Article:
A last-ditch legal move by radical cleric Abu Hamza to fight extradition to the United States will be heard by the High Court next week.
Two judges in London will also consider a challenge by a second terror suspect, Khaled Al-Fawwaz, next Tuesday.
The two men are seeking injunctions to stop them being flown to the US.
Pending the hearing by Sir John Thomas, President of the Queen's Bench Division, and Mr Justice Ouseley, interim injunctions have been issued preventing their removal.
The latest legal action comes after Europe's human rights judges this week rejected a bid for an appeal by Hamza and four other terror suspects, paving the way for their extradition.
A panel of five judges threw out their request to the Grand Chamber of the European Court of Human Rights.
Hamza's lawyers have fought a successful campaign to fight his extradition for several years.
His grounds for appeal are not known as this stage, though they could be based on his health. Hamza has also claimed he would be treated unfairly if he were sent to the US.
Hamza was jailed in 2006 for seven years for soliciting to murder and inciting racial hatred.
He is currently charged with 11 counts of criminal conduct related to the taking of 16 hostages in Yemen in 1998, advocating violent jihad in Afghanistan in 2001 and conspiring to establish a jihad training camp in Bly, Oregon, between June 2000 and December 2001.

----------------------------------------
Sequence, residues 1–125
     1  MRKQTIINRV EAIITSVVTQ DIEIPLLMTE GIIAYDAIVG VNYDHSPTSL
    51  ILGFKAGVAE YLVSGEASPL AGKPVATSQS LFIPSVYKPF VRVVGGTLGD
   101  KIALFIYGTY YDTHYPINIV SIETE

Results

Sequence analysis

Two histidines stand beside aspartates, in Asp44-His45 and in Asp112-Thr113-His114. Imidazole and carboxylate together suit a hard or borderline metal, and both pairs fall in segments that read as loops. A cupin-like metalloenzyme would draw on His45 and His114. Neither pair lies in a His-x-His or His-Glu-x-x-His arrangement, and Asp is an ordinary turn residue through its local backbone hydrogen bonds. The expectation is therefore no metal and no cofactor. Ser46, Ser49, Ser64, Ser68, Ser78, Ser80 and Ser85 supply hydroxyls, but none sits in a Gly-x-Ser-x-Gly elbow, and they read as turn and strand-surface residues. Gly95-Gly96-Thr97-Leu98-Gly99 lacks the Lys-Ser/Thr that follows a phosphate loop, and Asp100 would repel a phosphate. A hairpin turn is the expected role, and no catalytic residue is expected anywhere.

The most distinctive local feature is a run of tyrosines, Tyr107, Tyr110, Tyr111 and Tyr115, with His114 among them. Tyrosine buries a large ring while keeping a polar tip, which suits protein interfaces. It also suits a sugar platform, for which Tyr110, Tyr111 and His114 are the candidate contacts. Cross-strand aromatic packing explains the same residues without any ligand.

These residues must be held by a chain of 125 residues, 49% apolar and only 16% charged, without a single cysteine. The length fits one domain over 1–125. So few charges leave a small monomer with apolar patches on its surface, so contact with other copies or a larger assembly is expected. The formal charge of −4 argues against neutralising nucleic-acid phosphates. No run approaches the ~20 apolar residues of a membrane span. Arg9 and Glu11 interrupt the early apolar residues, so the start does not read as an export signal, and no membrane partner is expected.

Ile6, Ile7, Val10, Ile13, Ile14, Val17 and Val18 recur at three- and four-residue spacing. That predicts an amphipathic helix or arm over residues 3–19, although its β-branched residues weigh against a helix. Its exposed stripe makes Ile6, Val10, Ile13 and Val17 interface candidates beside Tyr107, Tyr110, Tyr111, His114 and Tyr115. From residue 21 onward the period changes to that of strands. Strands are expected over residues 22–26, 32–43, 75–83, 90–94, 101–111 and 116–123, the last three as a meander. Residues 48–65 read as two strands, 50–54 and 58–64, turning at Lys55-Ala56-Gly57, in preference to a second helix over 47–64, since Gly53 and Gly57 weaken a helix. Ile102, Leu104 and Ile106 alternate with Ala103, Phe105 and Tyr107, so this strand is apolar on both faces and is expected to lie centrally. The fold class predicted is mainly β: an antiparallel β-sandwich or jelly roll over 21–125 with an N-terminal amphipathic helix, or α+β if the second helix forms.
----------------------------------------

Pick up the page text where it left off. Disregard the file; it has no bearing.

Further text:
A Home Office spokesperson said: "The European Court of Human Rights ruled there was no bar to the extradition of these men. We will continue working to ensure they are handed over to the US authorities as soon as possible."
Meanwhile, immigration judges have announced that they will hear radical cleric Abu Qatada's appeal against extradition to Jordan on October 10.
The European Court of Human Rights ruled in May that Qatada's deportation to Jordan could go ahead providing no evidence obtained through torture was used in any impending trial.
The British government has said it has now obtained that assurance from the Jordanian government, which has amended its laws on the use of torture evidence.
Sky News Home Affairs Correspondent Mark White reported that immigration court officials say a substantive hearing for the case will begin on October 10.
Qatada will remain in prison until then.